Generally, donating plasma is not as common or frequently spoken about as donating blood, and you tend to hear more about it when natural disasters strike, which mostly requires an increased supply of plasma. However, take note that this form of donation is always required but differs from blood donations in a way that blood is taken from your body, plasma is extracted from it and the blood is then returned to your body—a procedure that is a little painful and takes about an hour to complete. Its concept can surely make you wonder whether it is damaging to your health or not, which would mean that you are thinking about donating plasma at a certain point in the future. Well, it is important to know about its pros and cons first to come up with a well-informed decision.
List of Pros of Donating Plasma
1. It offers you the opportunity to help other people in need.
Health conditions (usually life threatening) brought about by natural disasters would increase the need for plasma, as it is used for saving the lives of people who would have been difficult to save otherwise. Now, this would be the best way to help others, especially if you often feel good and happy about giving a hand or offering kind acts. Donating plasma would even be more satisfactory and meaningful during times when you are in need of extra money for an important expense to support your daily living.
2. It helps save lives of many people.
Generally, donated plasma is given to patients who are in dire health situations, like suffering from leukemia, having an organ transplant or being a burn victim. Healing or treatment of such conditions without plasma would become very difficult and might even become ineffective.
3. It reduces the risk of having serious health conditions.
Although it is still not understood by researchers why and how, people who donate plasma on a regular basis have lowered risk of developing health conditions, such as cardiovascular disease, later on in life.
4. Its procedure is generally safe.
Depending on your current health status, you may not be accepted in plasma donation drives, especially if you have impaired vital signs or high blood pressure. This is to protect your health as well as the potential recipient of your plasma.
5. It provides proteins that are needed by some people to survive.
As you can see, many recipients of plasma are either suffering from leukemia or severe burns, which are characterized with slim chances of survival. Without plasma, it would be impossible for these patients to be able to have their conditions effectively treated. For the thousands of children who are diagnosed with leukemia each year, this type of donation is a lifeline that should always be available.
6. It gives you a way to earn extra income when necessary.
Unlike blood donations that are not paid in many cases, donating plasma will always provide you with monetary compensation, of course with some frequency limitations. Aside from cash, it is also possible for you to receive other options, such as gift cards, vouchers and food certificates—anything that is associated with cash value.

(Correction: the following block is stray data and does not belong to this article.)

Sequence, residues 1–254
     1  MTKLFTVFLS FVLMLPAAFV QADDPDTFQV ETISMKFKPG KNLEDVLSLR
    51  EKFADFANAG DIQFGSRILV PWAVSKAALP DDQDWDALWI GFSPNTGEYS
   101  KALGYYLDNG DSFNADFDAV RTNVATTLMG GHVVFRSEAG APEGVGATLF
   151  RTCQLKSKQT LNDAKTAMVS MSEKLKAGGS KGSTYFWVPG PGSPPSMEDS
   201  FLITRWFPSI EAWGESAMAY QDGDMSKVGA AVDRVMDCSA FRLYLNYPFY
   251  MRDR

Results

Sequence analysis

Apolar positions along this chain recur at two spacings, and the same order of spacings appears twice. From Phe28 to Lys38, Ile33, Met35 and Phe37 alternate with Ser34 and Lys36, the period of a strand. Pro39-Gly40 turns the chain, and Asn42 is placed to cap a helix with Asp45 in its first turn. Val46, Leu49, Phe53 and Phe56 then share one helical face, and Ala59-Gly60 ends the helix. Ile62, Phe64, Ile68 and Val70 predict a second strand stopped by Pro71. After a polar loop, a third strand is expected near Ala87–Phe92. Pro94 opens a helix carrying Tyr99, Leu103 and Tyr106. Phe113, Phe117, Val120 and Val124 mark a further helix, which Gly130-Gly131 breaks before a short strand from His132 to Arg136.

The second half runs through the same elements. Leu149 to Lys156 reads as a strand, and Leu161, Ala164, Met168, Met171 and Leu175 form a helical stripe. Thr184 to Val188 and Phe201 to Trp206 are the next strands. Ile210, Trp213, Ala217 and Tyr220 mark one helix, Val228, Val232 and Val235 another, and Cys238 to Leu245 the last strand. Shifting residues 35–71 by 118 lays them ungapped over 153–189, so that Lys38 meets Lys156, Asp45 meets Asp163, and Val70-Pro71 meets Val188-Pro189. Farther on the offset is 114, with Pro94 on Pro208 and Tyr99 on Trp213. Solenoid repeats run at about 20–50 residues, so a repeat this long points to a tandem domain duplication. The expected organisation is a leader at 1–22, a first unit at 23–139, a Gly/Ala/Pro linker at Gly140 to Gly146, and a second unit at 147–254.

List of Cons of Donating Plasma
1. It can be tiring for your body.
Though it is deemed safe, donating plasma can wear out your body over a certain period of time. If you had collapsed veins, it might also take longer for you to find veins for donation, especially when you donate regularly. Also, the center would not allow you to leave unless you are physically fit, which can make your stay even longer. The serious effects of this procedure are especially true to donors who mysteriously pass the screening by lying about or covering up their true health status.
2. It decreases your calcium stores.
To separate plasma from your blood, most donation centers use anti-coagulants to make the process easier and faster, but these drugs will remove calcium from your blood. If this component is not replaced before the blood is returned to your body, there will be short and long-term health effects on you as donor.
3. It can leave you very dehydrated.
As plasma is water based, donating plasma can leave your body dehydrated, which can cause dizziness, vomiting and even fainting.
4. It has the potential to have negative effects on your long-term health.
This problem will not arise if you donate plasma sometimes, but if you do it regularly, you will gain some damage to your overall health. Remember that regular donations can cause a 10% decrease in the production of antibodies in your body.
5. Its process can be scary or uncomfortable.
When you undergo the procedure for the first time, you will need to answer some very personal questions, including those about your sexual history. Also, it will be pursued only when you are fully hydrated, thus you will be required to drink two glasses of water before you start.
6. It requires you to face needles.
Some people cannot bear having needles poked in their bodies, while some people just do not like the idea of giving away their body parts. When donating plasma, a needle will remain inserted in your body for at least half an hour, so you will have to bear with the experience.
7. It is highly risky if unregulated.
Take note that some centers may deliberately bypass the standard screening process, giving a “go” signal to unwell donors. This can cause health risks to both the donors and the recipients, making them prone to diseases or even putting them at risk to die. Even healthy donors who are allowed to undergo the procedure and donate more frequently than what is recommended could put themselves at risk of health degradation.
Keep in mind that donating plasma is a decision that you should not take lightly. While it comes with great benefits, it also carries some risks that need to be considered carefully. By weighing all the pros against the cons listed above, you can now decide whether you like to give it a try or not.